Autism spectrum disorder, low mood and depression: what to expect
Teenagers with autism spectrum disorder (ASD) have a greater risk of low mood and depression than their typically developing peers.
This is because teenagers with ASD might:
- realise for the first time that they’re ‘different’ from their peers
- find it hard to cope with increasing academic pressure and expectations
- find it hard to understand social rules and expectations, make friends and fit in socially.
These social difficulties can lead to teenagers with ASD feeling isolated, which might also cause or worsen depression.
Teenagers with ASD can also experience anxiety more intensely and more often than other children.
Signs and symptoms of low mood and depression in teenagers with autism spectrum disorder
Teenagers with autism spectrum disorder (ASD) generally show the same symptoms of depression as typical teenagers.
But they might also:
- have more frequent or more severe repetitive or compulsive behaviour
- start to have, or have more, tantrums or aggressive behaviour
- start to be, or be more, cranky or agitated
- start hurting themselves or hurt themselves more often – for example, with hand-biting
- find it harder than before to do everyday things in different situations or environments
- be obsessed with death, or talk about suicide or harming themselves.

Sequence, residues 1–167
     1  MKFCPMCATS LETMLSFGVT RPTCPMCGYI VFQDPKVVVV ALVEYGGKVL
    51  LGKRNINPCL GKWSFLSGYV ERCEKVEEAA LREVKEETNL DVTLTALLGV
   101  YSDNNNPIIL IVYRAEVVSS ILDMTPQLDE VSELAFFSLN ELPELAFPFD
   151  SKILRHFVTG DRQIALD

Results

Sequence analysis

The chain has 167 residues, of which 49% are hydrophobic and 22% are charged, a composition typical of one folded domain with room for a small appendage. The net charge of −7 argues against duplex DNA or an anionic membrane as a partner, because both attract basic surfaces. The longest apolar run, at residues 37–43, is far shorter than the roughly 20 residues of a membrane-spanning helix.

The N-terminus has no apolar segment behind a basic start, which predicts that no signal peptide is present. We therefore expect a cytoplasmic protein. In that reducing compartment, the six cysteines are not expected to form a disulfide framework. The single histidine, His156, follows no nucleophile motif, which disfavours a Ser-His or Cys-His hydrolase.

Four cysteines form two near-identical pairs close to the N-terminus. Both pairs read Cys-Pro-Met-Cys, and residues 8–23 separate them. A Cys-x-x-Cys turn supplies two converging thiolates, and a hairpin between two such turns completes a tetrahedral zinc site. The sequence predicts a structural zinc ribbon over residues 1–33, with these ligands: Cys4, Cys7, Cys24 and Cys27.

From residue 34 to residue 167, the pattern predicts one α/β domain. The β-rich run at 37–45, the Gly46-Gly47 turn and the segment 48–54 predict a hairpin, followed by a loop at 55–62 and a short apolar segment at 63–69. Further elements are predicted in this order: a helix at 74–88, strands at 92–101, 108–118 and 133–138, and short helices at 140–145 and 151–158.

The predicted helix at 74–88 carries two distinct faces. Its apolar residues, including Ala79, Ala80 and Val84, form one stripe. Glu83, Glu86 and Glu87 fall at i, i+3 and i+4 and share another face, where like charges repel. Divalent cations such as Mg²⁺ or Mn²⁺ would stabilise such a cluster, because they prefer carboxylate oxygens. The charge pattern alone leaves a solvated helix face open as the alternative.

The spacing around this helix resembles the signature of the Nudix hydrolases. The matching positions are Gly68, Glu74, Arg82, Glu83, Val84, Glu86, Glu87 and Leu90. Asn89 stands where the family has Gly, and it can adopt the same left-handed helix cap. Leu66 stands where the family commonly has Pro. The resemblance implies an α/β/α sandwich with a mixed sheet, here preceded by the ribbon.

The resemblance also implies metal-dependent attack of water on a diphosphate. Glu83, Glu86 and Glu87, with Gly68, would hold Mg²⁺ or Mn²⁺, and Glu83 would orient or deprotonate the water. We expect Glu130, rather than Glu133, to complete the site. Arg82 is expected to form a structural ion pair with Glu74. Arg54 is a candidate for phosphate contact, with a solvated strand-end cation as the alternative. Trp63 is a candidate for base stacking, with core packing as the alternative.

Helping teenagers with autism spectrum disorder and depression
If your child with autism spectrum disorder (ASD) is going through low mood or depression, you can start by asking your child’s teachers whether they’ve noticed any of the behaviour or symptoms that you’ve seen at home.
The teachers might be able to give you some insight into your child’s change in mood. For example, they can tell you about how your child is going socially at school, whether she might be being bullied or whether she’s finding the schoolwork too hard.
You can also use some practical strategies at home with your child.
You might notice your child focusing on negative thoughts – for example, ‘Nobody likes me’. In this situation, encourage your child to be a ‘thought detective’.
This involves finding facts that support your child’s negative thoughts and facts that don’t. Then you can help him to compare and contrast these facts.
For example, get your child to list all the people who do like her and how she knows. For example, ‘Mum likes me because she cooks my meals and tells me she loves me’. Your child should also list the people who don’t like her and how she knows. For example, ‘Ben doesn’t like me because he doesn’t play with me’. Then you can ask your child some questions like ‘Have you ever asked Ben to play with you? What did he say?’.
The worst thing
If your child gets stuck on negative thoughts, try asking him what he thinks is the worst thing that could happen. Then you could talk about whether the ‘worst’ is actually that bad.
For example, your child might say, ‘If I give a talk in class, everyone will laugh and think I’m dumb’. Ask, ‘Would that be the worst thing ever? Would the class remember your talk the next day or week?’
Some other things that might help your child include:
- some social skills training
- exercises to help build healthy friendships
- a hobby or social activity
- a mentor or tutor to help her cope with schoolwork demands
- professional help from a psychologist or psychiatrist.